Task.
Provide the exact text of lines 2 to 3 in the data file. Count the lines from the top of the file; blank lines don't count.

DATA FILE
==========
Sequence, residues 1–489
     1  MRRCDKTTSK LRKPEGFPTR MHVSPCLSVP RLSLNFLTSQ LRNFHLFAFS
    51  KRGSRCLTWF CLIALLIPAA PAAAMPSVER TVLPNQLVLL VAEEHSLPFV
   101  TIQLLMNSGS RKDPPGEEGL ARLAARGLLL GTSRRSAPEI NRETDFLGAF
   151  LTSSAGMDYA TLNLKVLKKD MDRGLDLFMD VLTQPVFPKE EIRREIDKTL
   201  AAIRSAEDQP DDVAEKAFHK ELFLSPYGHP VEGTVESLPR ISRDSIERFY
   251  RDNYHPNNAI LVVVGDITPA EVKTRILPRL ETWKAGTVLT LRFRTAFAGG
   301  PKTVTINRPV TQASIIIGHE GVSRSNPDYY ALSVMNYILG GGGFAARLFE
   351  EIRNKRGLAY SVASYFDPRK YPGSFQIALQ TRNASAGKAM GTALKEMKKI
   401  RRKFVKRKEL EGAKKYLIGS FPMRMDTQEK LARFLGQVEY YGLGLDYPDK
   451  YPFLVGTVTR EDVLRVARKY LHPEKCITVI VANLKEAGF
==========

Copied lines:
     1  MRRCDKTTSK LRKPEGFPTR MHVSPCLSVP RLSLNFLTSQ LRNFHLFAFS
    51  KRGSRCLTWF CLIALLIPAA PAAAMPSVER TVLPNQLVLL VAEEHSLPFV